Logically, it should be really annoying – Having someone literally standing on your face, whining and yelping to be let out is not really pleasant or relaxing. But somehow it’s endearing, just how earnest Ollie is about it. She’s not doing anything to be mean, it’s just that she’s effectively a machine designed and bred to hunt and track and explore… and there’s an outside that needs to be hunted, tracked, and explored. You want to be annoyed at her, but all you can do is smile, hook her up to her leash, and set her loose.
So, that meant we got up fairly early, for it being our day off.
I mean, we were awake fairly early. We’ve gotten wise to Ollie’s ways by now, and had set up a leash for her outside that bought us a solid extra 45min of sleep before we had to legit get out of the sleeping bags and start making breakfast. But that’s okay – Coffee and oatmeal is always a good way to start the day, especially when it’s camping!!
Once coffee was drank and a light breakfast was eaten we headed back into town toward out first stop of the day – a coffee shop on the river near the bay. Yes, yes, we’d just had breakfast and coffee… but we still needed second breakfast, obviously, and second coffee to go with it. The views were gorgeous, the coffee was strong, and the breakfast burrito was… well, it was definitely interesting. It was delicious, but the fact that we had to microwave it ourselves was a little surprising, to say the least.
Staring off over the fog-covered river though, we didn’t mind a microwaved burrito to go with our artisnal lattes. It was beautiful, and since Ollie was hanging out in the car we were able to thoroughly enjoy ourselves.
We relaxed at the coffee shop for a while, then did a bit of a walk around town. It was a small tourist / fishing town, sort of like some of the smaller places around Maine or New Hampshire, and I really enjoyed it.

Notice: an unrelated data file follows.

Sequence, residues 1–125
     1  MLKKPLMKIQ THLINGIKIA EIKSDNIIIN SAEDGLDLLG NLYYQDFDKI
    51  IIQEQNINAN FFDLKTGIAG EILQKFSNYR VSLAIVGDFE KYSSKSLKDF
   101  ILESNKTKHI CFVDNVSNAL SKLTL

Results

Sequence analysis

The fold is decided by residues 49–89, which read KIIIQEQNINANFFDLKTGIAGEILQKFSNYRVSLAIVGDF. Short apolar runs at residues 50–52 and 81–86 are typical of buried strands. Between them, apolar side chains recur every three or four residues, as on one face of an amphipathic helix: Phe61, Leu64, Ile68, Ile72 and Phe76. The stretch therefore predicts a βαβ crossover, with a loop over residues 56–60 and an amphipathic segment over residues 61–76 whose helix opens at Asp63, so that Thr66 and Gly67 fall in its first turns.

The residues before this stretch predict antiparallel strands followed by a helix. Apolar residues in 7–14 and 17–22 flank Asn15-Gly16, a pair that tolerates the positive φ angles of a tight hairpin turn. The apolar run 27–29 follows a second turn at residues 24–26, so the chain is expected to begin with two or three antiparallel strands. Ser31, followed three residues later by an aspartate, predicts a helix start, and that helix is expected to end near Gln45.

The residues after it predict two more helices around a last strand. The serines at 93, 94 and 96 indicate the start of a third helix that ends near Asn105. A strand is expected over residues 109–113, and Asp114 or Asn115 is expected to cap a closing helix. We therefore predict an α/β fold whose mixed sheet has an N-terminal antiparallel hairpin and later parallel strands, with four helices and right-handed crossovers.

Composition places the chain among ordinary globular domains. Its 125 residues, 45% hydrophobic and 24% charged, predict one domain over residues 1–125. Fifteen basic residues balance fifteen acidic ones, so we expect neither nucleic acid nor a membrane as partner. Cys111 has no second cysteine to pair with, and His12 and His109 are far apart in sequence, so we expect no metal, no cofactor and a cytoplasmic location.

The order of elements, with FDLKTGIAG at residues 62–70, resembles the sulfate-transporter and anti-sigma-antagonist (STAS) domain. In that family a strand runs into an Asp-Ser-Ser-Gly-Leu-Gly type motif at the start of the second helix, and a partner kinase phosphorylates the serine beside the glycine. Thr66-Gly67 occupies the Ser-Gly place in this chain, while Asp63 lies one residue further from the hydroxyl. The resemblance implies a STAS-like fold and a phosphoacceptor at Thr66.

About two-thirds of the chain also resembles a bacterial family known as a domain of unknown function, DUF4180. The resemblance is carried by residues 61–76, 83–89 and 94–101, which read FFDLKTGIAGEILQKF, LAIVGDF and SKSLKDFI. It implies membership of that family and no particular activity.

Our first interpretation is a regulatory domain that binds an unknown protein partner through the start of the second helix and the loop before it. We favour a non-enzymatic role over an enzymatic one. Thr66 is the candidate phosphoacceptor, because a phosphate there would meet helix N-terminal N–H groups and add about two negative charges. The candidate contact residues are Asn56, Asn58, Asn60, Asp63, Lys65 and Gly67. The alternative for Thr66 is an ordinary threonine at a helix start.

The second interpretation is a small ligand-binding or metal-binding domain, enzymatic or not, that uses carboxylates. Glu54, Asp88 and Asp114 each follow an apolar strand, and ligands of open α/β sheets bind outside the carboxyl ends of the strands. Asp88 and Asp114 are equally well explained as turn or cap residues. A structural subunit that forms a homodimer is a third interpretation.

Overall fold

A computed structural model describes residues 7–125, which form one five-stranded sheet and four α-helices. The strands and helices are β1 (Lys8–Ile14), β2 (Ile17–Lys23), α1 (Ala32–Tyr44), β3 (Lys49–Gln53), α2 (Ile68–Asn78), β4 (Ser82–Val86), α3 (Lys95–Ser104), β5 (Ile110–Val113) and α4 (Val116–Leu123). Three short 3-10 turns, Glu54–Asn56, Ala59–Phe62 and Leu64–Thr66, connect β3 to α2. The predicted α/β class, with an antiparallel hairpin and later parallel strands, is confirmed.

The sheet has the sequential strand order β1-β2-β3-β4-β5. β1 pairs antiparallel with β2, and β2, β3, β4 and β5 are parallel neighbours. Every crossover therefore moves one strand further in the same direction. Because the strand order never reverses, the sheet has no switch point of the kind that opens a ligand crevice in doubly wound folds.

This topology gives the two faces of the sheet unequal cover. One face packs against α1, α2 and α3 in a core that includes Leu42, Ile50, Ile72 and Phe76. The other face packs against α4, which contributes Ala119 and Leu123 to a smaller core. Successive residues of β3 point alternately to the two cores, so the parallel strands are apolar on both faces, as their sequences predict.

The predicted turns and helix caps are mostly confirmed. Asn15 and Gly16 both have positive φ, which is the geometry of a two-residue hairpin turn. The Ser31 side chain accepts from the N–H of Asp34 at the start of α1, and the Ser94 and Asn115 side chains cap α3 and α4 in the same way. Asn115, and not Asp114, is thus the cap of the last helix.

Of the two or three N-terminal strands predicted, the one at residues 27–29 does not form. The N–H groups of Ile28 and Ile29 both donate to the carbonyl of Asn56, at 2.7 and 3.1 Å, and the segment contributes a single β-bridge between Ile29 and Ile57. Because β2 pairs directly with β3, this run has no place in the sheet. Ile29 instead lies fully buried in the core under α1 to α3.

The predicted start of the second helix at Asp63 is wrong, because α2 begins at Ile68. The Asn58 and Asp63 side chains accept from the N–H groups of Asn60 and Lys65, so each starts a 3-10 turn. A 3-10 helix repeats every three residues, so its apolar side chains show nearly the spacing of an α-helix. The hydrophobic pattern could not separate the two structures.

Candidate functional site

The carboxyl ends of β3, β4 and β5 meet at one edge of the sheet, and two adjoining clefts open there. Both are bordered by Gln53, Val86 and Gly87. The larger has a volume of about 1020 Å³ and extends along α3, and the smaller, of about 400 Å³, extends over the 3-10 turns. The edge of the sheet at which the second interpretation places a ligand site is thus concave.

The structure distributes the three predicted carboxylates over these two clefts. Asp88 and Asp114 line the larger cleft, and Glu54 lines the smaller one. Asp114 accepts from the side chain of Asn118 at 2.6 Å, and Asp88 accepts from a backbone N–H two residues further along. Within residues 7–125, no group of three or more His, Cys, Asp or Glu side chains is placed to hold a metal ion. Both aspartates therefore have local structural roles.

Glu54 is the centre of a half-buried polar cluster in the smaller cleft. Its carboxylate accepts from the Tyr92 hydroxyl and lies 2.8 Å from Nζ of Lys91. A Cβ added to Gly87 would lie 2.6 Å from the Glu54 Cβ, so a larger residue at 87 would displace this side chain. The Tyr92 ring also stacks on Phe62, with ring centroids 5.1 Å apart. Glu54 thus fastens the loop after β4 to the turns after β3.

From there, we headed toward our main target of the day – Hobbit Beach.
Sarah had picked it out because it was a fairly short hike in from the trailhead, was mostly deserted, and had huge long runs of open sand for Ollie to run and play on. Ohh, and it also had faces carved into the cliffs.
That last part was pretty key, actually. Really adds to the mystery of the place, you know? Not creepy at all, imagining faces being carved into cliff sides…
The hike in was lovely – it was a bit steeper than we expected, but it went well which is what matters in the end. Sarah’s legs held up quite well, and we both enjoyed the chance to get back into the woods and enjoy the outdoors a bit. Seriously enjoy the outdoors – Sarah was literally giggling the whole time, hopping around and loving the fact that she could fully walk again.
The beach itself? It was what you would expect. Lovely, huge views, and the amazing sounds and smells of the pounding Pacific Ocean. The cliff side carved faces were a bit less impressive than expected, but that’s totally fine because it meant that they were far less creepy than we’d expected. Sarah did carve her own, of course, but went with a bit more whimsical option instead of the standard fantasy-style faces. She made a cat.
After enjoying the beach for a good long while we headed back, and drove back home to Portland. Simple and easy, but pleasant and extremely fun.